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We all need to remember our past to help us move forward better in life. But that doesn’t mean we have to dwell on our past. We are nearing the end of harvest for a year that will never be forgotten for most, if not all, of ag industry. This has been one of the most troubling years for so many people. But I do feel blessed to have a crop to harvest, and we have almost completed it safely and without too much trouble so far.

We are down to the last few farms of corn. Dad harvested what my brother and I called his cover crop beans this last week. They were beans spread on wheat stubble on July 17 and worked in with a worn-out vertical tillage tool. Never would have dreamed of them producing anything. But it looks like they made about 20 bushels to the acre. “Some days, you just get lucky,” is what I told dad.

The corn is nearing the end for us. We are hopefully going to be winding down harvest this coming week. But we will see what Mother Nature has in store for us as there is snow in the forecast. That will slow things down, but with cold temps may not slow us down that much. We have started getting the tile equipment back running, but I keep getting pulled in as a trucker and combine driver, so it’s still slow. We have lots of work to get done, and I am thankful for patient customers. Life has taught me that our story is not completely written yet. But things we go through help to make us better people and guide us through life.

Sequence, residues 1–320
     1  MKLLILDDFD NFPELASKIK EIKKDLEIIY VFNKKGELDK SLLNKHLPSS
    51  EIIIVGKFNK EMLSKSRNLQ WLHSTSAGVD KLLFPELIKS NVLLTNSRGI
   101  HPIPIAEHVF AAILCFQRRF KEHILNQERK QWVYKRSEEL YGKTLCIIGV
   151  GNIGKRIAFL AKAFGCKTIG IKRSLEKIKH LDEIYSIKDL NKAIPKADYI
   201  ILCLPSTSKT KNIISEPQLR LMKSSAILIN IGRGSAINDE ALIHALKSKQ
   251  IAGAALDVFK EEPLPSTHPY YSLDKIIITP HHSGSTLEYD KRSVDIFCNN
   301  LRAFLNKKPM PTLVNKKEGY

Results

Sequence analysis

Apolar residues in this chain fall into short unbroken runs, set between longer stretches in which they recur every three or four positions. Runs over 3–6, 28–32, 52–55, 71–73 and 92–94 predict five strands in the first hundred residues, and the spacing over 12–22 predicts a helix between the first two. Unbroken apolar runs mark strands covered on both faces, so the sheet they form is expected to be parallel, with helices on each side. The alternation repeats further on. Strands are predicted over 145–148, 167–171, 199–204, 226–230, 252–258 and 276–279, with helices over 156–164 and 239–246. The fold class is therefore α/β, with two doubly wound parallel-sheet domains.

But one important thing to keep in mind is that what’s in our past is in our past. We need to learn from it and better ourselves. If we dwell on misfortune or failure, that is all we will have moving forward. When we allow God to work in our lives and grow from our past, there are great things in store. As we all begin to gather families for holidays, let’s all be thankful for our blessings in our lives and help each other grow from our pasts.

There is a major issue of mental health in our industry and our country. One great way to combat this issue is to talk to our families, neighbors and friends. So, pick up the phone or stop by a neighbor’s shop one morning or next rain day. Even if all you do is complain about 2019, at least you all will know were in this together.

This article originally ran on agrinews-pubs.com.

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